Particularly disturbing, she says, was this obvious flaw: An unknown portion of the many doctors who said they had encountered “suspicious” cases based their conclusions on the fact that suspects themselves said they had been subjected to excessive force by the police! One study cited in the Annals editorial found (not surprisingly) that about three-fourths of the subjects against whom force was used claimed it was excessive. “How can this be a credible means of identifying excessive force?” Hall wonders.
“No one would be naïve enough to argue that excessive force never happens, and we don't want to ignore it,” she continues. “But researchers should not bypass the requirements of sound scientific methodology in an effort to document it and the reporting of 'suspicious' cases should not be mandated on the basis of speculation in notes that are not part of the patient's case record.
“My biggest concern with the original article is that it gives medical readers the idea that there is hard evidence that police excessive use of force is widespread and represents a large medical issue.”
In her letter to Annals, Hall stated: “Significant harm is done when data are presented out of context; that harm is magnified when the quality of the data is seriously flawed.”
A New Study
“There is a huge public misconception that every time a police officer is in a room with someone, someone is getting wounded,” Hall told the National Post. “I think harm is done when the public is exposed to the notion that use of force is rampant and it always turns out negatively.”
In fact, use of force is a miniscule part of police work. In Canada, only one-tenth of one percent; (0.10 percent;) out of some 1.6 million officer-public contacts involved use of force, her new work is documenting. “That means that 99.9 percent; of the time, police are not using force,” she told FSN.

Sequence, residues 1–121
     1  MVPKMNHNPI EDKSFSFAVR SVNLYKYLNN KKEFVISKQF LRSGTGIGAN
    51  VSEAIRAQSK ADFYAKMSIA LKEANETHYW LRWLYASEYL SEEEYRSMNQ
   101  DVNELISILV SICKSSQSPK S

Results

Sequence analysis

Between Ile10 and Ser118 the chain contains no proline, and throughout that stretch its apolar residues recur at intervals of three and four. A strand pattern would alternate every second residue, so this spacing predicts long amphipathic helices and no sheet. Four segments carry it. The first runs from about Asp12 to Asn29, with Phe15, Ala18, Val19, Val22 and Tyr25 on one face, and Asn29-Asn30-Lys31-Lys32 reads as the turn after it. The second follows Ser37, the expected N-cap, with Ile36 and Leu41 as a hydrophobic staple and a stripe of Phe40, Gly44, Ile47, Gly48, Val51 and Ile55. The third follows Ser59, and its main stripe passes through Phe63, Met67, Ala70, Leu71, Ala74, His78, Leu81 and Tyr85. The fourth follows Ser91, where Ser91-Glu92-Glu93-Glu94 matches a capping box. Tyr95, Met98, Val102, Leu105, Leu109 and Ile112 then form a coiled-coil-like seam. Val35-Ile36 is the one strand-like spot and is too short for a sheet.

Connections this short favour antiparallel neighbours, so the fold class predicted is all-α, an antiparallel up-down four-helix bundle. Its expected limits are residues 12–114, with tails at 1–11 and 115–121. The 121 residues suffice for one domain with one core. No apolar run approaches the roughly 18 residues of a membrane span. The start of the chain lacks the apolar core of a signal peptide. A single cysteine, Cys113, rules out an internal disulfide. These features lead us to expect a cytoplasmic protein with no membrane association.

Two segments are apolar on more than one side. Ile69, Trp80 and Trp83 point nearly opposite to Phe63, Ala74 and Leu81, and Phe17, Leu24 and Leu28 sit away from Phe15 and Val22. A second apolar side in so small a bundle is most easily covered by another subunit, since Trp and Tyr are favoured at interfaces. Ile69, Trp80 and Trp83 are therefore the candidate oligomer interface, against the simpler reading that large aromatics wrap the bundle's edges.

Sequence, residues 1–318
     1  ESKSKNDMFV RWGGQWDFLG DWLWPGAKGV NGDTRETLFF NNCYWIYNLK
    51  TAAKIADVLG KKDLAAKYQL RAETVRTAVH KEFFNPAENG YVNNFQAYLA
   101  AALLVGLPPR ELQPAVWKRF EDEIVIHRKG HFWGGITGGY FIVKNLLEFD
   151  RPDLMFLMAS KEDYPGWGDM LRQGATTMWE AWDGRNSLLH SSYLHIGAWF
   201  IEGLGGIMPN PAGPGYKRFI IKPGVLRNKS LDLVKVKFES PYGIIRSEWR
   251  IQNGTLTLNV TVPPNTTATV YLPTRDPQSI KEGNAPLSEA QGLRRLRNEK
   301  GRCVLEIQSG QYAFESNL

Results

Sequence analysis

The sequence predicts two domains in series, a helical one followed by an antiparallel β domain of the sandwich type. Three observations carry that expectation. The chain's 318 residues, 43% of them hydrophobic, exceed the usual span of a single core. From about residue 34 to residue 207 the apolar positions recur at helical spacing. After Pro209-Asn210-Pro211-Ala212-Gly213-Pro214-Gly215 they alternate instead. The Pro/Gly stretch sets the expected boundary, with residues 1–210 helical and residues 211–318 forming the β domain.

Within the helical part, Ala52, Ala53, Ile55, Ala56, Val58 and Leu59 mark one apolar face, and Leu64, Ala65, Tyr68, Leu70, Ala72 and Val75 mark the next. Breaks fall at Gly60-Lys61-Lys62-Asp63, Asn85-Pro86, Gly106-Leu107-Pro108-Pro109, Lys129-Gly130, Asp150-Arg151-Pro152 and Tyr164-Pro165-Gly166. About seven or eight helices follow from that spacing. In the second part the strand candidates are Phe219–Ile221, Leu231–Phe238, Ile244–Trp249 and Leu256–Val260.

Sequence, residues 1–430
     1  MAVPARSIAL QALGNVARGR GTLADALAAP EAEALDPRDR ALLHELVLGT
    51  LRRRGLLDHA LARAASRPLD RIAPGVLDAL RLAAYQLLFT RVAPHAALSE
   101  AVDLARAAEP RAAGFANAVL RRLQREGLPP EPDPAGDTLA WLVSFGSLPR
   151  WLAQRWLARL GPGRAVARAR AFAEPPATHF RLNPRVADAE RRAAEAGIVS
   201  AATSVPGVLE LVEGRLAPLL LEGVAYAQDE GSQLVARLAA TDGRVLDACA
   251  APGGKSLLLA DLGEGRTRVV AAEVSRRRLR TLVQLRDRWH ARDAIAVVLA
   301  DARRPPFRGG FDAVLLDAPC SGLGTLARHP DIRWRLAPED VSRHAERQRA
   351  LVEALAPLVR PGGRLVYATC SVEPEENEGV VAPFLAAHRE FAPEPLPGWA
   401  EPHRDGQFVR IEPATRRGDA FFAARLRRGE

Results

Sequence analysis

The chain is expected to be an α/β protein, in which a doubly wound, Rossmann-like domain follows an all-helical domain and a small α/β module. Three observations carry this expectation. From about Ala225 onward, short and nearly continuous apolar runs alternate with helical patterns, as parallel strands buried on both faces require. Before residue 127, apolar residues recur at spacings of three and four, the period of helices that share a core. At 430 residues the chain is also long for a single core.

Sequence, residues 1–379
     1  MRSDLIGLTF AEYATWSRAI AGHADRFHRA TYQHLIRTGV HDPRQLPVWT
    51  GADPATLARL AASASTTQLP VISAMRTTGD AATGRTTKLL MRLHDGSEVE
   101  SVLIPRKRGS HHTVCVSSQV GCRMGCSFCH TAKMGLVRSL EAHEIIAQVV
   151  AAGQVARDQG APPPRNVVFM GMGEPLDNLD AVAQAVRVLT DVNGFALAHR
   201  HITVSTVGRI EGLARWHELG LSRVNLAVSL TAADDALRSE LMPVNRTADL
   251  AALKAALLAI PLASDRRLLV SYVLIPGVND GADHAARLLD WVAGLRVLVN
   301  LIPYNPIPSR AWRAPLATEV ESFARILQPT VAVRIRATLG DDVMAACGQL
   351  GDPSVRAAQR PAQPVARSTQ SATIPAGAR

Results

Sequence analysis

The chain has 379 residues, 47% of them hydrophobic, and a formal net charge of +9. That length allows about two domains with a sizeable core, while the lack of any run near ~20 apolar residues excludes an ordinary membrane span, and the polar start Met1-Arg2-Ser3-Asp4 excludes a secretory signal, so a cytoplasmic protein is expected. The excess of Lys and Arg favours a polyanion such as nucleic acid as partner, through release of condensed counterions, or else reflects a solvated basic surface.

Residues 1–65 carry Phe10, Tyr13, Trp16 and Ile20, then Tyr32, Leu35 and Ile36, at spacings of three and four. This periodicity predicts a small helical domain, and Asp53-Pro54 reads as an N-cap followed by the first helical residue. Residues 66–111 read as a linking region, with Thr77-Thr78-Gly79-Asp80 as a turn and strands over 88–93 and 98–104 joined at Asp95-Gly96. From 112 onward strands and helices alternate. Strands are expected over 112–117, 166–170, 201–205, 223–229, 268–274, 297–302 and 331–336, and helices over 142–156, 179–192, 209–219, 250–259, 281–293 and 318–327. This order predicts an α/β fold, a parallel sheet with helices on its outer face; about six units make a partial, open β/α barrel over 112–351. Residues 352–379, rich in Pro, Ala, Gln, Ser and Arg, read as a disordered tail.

In studying 1,200 instances in which force was used, Hall's preliminary results indicate that more than 60 percent; of the suspects involved were “violent or extremely violent at the time.” And 86 percent; — “the vast majority” — were “drunk, high, emotionally distressed, or some combination thereof.”
That context is important, she says, in assessing injuries that may result from applications of force as officers exert necessary control over difficult individuals. “Obviously, that context becomes even more important when allegations of excess are considered,” she says.
So far as in-custody deaths are concerned, Hall says, the “core cause may not be Tasers or other police tools, but a pattern of behavior on the part of the victim that seems to be repeated over and over again in such cases. They tend to be violently agitated, sweaty, exhibit seemingly superhuman strength, are impervious to pain, are incoherent, and are oblivious to the police presence.”
Hall believes knowledge of such factors “would change most physicians' assessments of police use of force and would alter the public's impression.”
These findings, she says, are “only a small part” of a “large volume of data” from her study, which was funded by the Canadian Police Research Centre and which she hopes to publish months from now. FSN will be reporting on it.
“There may very well be ways the police can decrease” the risk of their force interactions, he said. “Considering the extent to which police brutality “polarize[s] the community,” he and his colleagues wrote, “criminology would benefit from efficacious partnerships with public health.”